Link roundup: Interesting reading from around the interwebs

A round-up of Languages (and edu!) in the news and online:

News from the Research Centre in Languages and Cultures, University of South Australia
The RCLC has just launched a quarterly newsletter, “to initiate a dialogue with colleagues, teachers and partners in our research network. We intend to share information about our research projects, program of activities, community engagement and publications – often as work-in-progress so as to give an insight into our program as it evolves rather than just as completed works.”

The New Google Drive Empowers Language Learners

By Jennifer Carey for Free Technology for Teachers blog
“With the New Drive, not only can you now set your overall language, but you can also include a subset of languages that you understand”

Want your child to be clever? Teach them two languages: Study finds bilingual babies often show signs of having a higher IQ

by Deni Kirkova for MailOnline
Join members of MLTAWA as we cure monolinguism AND help create smarter kids!

Why is bilingual education ‘good’ for rich kids but ‘bad’ for poor, immigrant students?

By Claire Bowern, published in The Washington Post

Mark Zuckerberg addresses Chinese university in Mandarin

By Alex Hern and Jonathan Kaiman for
Facebook’s founder has been learning Mandarin, and held a 30-minute question and answer session at Tsinghua University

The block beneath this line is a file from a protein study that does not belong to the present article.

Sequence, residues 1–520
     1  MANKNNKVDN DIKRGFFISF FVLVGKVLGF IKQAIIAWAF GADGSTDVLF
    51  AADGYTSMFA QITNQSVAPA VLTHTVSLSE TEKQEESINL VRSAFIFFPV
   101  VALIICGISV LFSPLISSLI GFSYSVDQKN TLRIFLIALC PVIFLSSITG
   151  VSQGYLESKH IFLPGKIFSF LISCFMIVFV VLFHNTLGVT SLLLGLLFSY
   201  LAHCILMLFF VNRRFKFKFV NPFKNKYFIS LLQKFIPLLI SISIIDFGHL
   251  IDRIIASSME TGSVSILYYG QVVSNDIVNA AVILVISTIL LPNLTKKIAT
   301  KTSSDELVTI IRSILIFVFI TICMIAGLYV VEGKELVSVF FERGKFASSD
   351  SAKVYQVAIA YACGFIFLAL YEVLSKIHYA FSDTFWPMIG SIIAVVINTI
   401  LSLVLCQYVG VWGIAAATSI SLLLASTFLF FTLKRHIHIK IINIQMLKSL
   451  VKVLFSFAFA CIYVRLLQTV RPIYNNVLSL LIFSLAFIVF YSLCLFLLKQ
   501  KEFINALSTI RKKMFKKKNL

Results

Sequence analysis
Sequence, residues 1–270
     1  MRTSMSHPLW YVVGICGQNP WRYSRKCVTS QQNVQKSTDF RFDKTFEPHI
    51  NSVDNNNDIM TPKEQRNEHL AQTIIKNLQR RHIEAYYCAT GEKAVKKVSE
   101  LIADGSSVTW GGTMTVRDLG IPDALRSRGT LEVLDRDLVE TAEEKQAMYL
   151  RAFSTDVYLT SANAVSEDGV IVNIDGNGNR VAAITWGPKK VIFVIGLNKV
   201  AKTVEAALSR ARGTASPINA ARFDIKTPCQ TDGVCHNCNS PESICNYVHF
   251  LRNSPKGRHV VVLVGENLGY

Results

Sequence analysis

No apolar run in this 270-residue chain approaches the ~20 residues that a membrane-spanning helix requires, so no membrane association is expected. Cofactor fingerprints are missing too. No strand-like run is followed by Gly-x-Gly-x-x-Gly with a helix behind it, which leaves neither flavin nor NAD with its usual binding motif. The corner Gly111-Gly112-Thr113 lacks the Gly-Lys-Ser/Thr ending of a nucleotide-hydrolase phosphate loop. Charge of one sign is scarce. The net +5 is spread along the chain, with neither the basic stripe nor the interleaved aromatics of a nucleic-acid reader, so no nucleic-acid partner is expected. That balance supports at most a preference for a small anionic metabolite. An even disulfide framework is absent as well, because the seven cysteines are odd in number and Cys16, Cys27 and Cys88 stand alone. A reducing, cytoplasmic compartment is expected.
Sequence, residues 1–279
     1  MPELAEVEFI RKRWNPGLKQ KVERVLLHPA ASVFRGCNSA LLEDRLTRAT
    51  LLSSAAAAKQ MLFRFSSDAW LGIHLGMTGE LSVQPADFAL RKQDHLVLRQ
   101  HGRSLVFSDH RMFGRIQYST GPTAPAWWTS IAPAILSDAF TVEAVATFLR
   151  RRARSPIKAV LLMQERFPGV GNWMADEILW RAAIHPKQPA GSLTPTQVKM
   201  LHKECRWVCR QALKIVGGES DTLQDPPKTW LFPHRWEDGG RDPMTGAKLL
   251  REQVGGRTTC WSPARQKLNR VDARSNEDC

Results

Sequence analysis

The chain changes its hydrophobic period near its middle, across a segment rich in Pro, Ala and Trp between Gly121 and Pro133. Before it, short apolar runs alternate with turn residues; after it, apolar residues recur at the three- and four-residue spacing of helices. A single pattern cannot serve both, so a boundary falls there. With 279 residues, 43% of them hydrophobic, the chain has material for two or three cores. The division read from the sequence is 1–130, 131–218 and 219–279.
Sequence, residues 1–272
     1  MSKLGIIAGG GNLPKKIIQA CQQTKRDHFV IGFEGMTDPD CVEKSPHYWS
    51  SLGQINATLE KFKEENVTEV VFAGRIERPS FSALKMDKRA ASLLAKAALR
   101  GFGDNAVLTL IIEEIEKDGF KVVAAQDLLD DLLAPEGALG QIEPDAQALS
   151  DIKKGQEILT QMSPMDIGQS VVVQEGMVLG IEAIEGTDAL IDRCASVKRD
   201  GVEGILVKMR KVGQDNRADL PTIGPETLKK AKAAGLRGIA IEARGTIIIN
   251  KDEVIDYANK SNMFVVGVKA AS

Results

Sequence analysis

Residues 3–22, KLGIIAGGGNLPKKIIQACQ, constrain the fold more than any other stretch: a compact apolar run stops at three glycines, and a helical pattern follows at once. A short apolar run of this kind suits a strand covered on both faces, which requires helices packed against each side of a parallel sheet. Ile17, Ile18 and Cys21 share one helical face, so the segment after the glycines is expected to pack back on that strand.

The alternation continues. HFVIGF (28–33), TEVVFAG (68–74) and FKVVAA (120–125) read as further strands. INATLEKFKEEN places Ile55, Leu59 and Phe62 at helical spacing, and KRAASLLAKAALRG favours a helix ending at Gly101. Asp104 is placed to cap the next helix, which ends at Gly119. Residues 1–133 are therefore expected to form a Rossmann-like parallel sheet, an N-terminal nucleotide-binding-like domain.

The purpose of learning ‘minor’ languages

By Mina Shah for The Stanford Daily

How languages evolve

A TED Ed lesson by Alex Gendler
“Over the course of human history, thousands of languages have developed from what was once a much smaller number. How did we end up with so many? And how do we keep track of them all? Alex Gendler explains how linguists group languages into language families, demonstrating how these linguistic trees give us crucial insights into the past.”

While old Indigenous languages disappear, new ones evolve

By Felicity Meakins for
“By now we know that traditional Indigenous languages are losing speakers rapidly and tragically. Of the 250 languages once spoken in Australia, only 40 remain and just 18 of these are still learnt by children. But if children in remote Indigenous communities aren’t still learning traditional languages, then what are they learning? It is generally assumed they are shifting to English, but this is not the case.”

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